Dubai: Relive the UAE’s colourful traditions and heritage at the Festival Promenade in Dubai Festival City during this year’s Dubai Shopping Festival (DSF) and see how Emirati craftsmen and women use age-old skills of turning raw materials and into beautiful handicrafts.
Several tents have been put up at the Festival Promenade to provide visitors a taste of UAE’s past when beauty was created in the midst of adversity.
In one of the tents, three ladies sit in a circle, making a traditional dress with matching burqa, a thin strip of metal which Emirati ladies traditionally use to cover their faces. The entire ensemble, when complete, becomes the whole traditional dress.
“It all starts with preparing the basic materials for the embroidery on the top part of the ‘thob’ or dress,” one of the ladies said.
“The embroidery is done using a special thread called the ‘Al Tiely’, which is available in different thicknesses depending on the ‘thob’ that is being made. The entire ‘thob’ takes approximately three months to complete,” she added.
The most important aspects to note about making these traditional dresses, the craftswoman said, are precision, consistency and beauty of the work. It is also important to note that the colours of the dresses do not fade even after several washes.
Sitting in a tent not so far away was Nasr Khalfan. He was working by hand on a fishing boat made out of materials from date palm.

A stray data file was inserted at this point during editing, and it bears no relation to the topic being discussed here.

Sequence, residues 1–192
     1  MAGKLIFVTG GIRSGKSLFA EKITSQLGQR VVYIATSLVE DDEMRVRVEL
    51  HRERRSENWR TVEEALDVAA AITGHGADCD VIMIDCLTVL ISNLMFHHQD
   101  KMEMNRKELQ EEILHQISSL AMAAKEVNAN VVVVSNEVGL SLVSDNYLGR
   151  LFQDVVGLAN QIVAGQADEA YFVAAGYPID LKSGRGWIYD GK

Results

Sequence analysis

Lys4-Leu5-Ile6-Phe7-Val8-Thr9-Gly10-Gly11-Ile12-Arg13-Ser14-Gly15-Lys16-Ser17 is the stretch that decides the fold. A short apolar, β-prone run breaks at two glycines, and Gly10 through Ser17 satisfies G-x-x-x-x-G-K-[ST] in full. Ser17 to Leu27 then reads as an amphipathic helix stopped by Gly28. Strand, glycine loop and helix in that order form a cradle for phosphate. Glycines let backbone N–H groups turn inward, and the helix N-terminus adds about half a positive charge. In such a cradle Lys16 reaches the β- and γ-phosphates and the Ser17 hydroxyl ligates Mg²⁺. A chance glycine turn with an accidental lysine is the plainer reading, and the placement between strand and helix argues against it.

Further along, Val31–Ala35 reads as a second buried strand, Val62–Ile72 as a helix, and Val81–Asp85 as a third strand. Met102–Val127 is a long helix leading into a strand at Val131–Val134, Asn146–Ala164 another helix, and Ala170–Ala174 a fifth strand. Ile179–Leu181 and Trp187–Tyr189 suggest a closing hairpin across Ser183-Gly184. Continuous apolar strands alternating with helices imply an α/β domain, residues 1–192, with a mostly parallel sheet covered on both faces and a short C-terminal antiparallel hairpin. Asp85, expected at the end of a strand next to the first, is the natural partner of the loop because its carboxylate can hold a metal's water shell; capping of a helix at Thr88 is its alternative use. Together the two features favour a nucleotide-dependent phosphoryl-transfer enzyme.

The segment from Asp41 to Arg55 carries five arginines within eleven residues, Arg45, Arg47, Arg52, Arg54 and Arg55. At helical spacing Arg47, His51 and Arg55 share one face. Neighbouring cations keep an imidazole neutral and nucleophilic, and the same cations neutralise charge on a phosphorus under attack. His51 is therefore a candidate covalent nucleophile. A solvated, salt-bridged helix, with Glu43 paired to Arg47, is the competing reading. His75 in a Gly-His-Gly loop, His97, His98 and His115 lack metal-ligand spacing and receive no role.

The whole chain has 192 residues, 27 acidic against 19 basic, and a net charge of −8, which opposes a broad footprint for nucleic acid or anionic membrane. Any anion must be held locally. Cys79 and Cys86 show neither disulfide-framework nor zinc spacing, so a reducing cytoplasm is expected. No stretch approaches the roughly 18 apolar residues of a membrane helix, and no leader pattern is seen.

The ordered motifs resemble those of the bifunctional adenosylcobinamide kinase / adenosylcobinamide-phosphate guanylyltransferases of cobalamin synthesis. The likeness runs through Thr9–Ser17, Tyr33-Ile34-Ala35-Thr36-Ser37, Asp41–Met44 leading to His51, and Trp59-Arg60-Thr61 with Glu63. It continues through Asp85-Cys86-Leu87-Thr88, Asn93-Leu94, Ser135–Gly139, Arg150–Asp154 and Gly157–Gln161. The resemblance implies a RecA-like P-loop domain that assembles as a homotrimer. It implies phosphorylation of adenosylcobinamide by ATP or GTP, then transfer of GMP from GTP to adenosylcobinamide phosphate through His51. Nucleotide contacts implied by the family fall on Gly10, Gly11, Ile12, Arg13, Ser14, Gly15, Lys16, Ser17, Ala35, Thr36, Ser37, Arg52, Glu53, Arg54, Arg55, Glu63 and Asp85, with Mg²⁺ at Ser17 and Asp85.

“Acquiring this skill does not come easy. It needs a lot of time, training and experience – as well as a lot of patience because it takes a while to build a complete boat. You also have to master your materials. I use strips of the trunks and the dried fronds of the date palm,” Khalfan said.
Khalfan said modernization has affected the practice in that machines have been preferred to traditional craftsmen. Their presence at Festival Promenade as part of the official DSF activities helps in spreading the message of preserving this tradition.
“These traditional skills began disappearing after the emergence of cheaper, machine made alternatives that could also be produced faster,” Khalfan said.
“However, I still think that though there is a decline in traditional handicrafts, one day people will realize the beauty of these handmade things and the need for the preservation of the skills of our forefathers –and there will be greater demand for handicrafts.”